You practised diligently, saw real progress, spent hours, weeks, or months getting ready to show the world what you have to offer with all your hard work. Then, during a lesson, exam or stage performance, under the eyes of your teacher, small or big audience, your focus dissolves, your heart races, hands shakes, and you play as if you haven’t touched your instrument in weeks.
Performance anxiety is one of the most common issues faced by aspiring musicians and even seasoned professionals. Feeling nervous before a lesson or concert is natural but when worry and stress get to be too much, “stress hormones” give people that “red alert” feeling, leaving you to feel cold or sweaty and like you can’t think straight. Some individuals tend to embrace the pressure that comes with it, while other students might need a helping hand. Whatever the reason you are worried about, these five tips can help you to settle your fears so that you can concentrate on what is most important and show everyone exactly what you can do.
Whether you are taking an exam, having your first music lesson or concert, you are here for a reason and earned the right to be here. Try to look at what you have already accomplished and ask yourself why are you doing this, what do you want to achieve, and what is the worst that can happen?
Remember that all things worth working towards and the more you perform, the more you will get comfortable doing so and move forward to achieve your dreams.
While you shouldn’t focus on eradicating stress, you can try to practise calm acceptance. Breathing exercise is an easy and effective way to learn how to channel anxiety and stress in a more useful way. A few long, slow breaths help to soothe a jangled nervous system, counteract the fight-flight response and tell your body it is safe.
Also, as nerves and anxiety usually cause your hands to tremble, which prevent you from playing correctly on an instrument, the breathing exercise reduces your worry allowing your hands to settle and focus on performance. You can also start practicing yoga to overcome fear and live your life more passionately.
Given the many variables of performing, it can be helpful to leave a few moments to settle in and try out your playing before the important event. Start with private warm-ups and finger exercises, and sort out page turns, outfit, shoes, etc.
Stretching and breathing not only help to tune in the right mood, but also reduce anxiety and bring the player more controlled awareness of its movement once at an instrument. Furthermore, technical exercises at an instrument rely on muscle memory, allowing for some time for a person to adjust his or her focus before launching into more musically demanding territory. They are also great for adapting to a different instrument, its touch, dynamic and tonal range.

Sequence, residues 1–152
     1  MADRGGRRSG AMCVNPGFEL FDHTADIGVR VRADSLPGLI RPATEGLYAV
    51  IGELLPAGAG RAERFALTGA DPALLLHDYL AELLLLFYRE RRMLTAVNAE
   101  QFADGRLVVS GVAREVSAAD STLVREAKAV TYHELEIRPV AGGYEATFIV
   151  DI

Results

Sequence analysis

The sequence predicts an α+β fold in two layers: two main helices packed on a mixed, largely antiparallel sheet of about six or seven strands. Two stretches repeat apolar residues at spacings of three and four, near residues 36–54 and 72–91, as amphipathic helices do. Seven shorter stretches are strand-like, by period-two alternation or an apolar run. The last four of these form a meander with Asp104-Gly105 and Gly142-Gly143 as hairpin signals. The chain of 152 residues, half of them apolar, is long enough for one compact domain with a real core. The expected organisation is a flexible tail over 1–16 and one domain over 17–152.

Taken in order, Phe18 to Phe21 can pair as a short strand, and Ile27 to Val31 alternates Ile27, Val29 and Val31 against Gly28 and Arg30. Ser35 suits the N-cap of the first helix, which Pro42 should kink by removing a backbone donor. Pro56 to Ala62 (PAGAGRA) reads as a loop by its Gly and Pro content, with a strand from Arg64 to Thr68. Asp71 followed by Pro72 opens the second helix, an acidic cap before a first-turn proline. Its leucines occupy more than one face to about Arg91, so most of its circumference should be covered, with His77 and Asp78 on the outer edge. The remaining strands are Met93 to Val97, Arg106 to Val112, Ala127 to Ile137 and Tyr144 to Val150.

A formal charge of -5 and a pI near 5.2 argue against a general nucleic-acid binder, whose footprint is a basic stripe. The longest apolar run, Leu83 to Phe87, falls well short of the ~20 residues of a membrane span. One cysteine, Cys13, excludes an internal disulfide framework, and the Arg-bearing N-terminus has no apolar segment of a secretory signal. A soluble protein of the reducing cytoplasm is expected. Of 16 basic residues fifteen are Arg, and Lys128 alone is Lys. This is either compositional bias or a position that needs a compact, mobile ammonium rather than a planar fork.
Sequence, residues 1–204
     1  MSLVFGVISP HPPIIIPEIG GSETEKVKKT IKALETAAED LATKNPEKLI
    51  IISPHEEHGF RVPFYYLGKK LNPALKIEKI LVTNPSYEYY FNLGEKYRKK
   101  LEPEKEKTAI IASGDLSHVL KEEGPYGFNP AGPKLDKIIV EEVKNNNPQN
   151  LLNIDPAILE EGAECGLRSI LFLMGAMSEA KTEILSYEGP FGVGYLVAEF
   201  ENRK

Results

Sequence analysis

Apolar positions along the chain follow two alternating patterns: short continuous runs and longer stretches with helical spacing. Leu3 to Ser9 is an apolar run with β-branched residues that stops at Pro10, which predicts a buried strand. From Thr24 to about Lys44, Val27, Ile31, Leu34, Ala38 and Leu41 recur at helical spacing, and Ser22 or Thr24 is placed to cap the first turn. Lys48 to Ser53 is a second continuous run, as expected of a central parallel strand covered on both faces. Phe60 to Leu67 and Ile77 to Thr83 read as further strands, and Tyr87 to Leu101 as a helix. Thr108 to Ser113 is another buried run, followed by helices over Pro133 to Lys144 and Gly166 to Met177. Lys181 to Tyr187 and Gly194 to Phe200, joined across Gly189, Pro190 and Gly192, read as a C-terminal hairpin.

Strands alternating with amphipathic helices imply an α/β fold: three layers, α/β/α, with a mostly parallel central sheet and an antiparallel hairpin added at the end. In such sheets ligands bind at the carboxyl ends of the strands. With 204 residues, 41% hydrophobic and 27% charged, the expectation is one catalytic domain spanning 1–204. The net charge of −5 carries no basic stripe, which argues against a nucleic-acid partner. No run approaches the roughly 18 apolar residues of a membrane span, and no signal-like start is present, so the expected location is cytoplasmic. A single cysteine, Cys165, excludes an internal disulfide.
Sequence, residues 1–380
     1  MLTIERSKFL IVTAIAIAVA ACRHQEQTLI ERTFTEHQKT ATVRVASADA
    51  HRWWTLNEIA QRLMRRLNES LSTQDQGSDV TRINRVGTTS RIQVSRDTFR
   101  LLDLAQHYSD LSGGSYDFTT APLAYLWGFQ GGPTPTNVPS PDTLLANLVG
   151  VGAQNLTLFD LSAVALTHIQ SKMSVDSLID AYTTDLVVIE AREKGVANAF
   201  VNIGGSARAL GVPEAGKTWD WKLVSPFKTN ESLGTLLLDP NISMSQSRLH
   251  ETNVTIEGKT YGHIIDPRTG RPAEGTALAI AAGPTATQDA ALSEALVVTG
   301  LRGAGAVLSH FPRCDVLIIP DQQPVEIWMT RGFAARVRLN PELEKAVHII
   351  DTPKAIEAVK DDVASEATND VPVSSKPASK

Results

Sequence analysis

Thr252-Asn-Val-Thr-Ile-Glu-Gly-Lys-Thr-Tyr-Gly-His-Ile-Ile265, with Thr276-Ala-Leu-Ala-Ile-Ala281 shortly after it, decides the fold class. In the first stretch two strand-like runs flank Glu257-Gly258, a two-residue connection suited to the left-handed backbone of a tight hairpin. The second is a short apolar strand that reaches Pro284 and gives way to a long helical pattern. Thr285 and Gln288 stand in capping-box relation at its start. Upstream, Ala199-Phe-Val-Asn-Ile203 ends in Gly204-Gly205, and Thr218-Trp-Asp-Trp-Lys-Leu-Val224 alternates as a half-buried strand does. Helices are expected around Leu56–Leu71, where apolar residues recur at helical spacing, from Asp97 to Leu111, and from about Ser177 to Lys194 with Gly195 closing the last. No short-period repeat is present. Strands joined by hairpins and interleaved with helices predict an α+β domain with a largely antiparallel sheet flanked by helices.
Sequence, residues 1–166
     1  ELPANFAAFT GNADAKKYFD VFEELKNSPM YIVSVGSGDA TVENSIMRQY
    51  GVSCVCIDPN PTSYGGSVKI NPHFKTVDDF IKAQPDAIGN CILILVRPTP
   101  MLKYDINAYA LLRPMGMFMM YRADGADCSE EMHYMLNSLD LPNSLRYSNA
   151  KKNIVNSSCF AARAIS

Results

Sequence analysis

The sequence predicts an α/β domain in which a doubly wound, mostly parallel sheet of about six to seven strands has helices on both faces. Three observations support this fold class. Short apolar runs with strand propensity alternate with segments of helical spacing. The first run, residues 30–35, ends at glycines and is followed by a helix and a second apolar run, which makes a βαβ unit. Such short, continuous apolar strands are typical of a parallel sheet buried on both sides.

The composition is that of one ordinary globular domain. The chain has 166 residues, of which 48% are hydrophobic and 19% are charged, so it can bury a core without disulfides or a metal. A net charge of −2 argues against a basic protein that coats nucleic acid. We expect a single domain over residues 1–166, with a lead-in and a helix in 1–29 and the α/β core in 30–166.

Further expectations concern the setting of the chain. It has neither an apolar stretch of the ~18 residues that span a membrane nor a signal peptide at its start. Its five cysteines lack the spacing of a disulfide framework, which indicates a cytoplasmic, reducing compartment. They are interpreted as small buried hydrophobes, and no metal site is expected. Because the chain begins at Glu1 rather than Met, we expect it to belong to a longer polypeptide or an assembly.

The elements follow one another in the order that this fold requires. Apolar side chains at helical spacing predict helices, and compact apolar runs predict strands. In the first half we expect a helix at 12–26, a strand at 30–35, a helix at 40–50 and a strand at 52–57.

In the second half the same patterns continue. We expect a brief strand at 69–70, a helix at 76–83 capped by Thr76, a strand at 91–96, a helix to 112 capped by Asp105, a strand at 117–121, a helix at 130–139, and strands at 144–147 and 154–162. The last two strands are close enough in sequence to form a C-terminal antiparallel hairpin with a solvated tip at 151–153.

Try to see and feel the exam, lesson, or concert as being a positive, fun experience and stick to this idea until it is a more dominant feeling than negative thoughts. Imagine your composed entrance, comfortable position at an instrument, complete concentration and absorption in the music, your possible audience and a perfect finish.
The strong likelihood is that you will experience what you have visualised, so making sure it’s optimistic will be way more enjoyable. It can be done in advance of your performance or as at the time when you are waiting.
The intake of CBD oil can help to relieve anxiety and stress, improve mood, focus, and energy – all critical factors when you are performing. CBD benefits also include regulation of sleep quality, decreased headaches, and aid to feel calm and settled, which can help to feel rested, concentrated, relaxed and fully prepared for the big day.
Cannabidiol, or CBD, is a natural and non-addictive compound that is extracted from Cannabis Sativa plants and won’t cause changes in a state of mind. CBD is known to interact with the body’s endocannabinoid system that affects your mood, immune response, heart, skin, brain, etc. Support of the vital system means CBD products can maintain the proper function of main processes occurring in an organism to promote better health and general wellbeing.
If you have followed the tips above, there is only one thing left for you to do: RELAX. Overworking and stressing will do you more harm than good. Try avoiding late-night sessions and practise smartly, as it will cause you to burn out more and face fatigue and lack of energy for the next day. Start early as an incentive to finish early so you can rest during the evening and get a good night’s sleep.
Don’t worry; it is normal to feel worried right before exams, concerts, and shows. Try to look at the situation positively – be confident in yourself and the hard work you have done and know that it will pay off!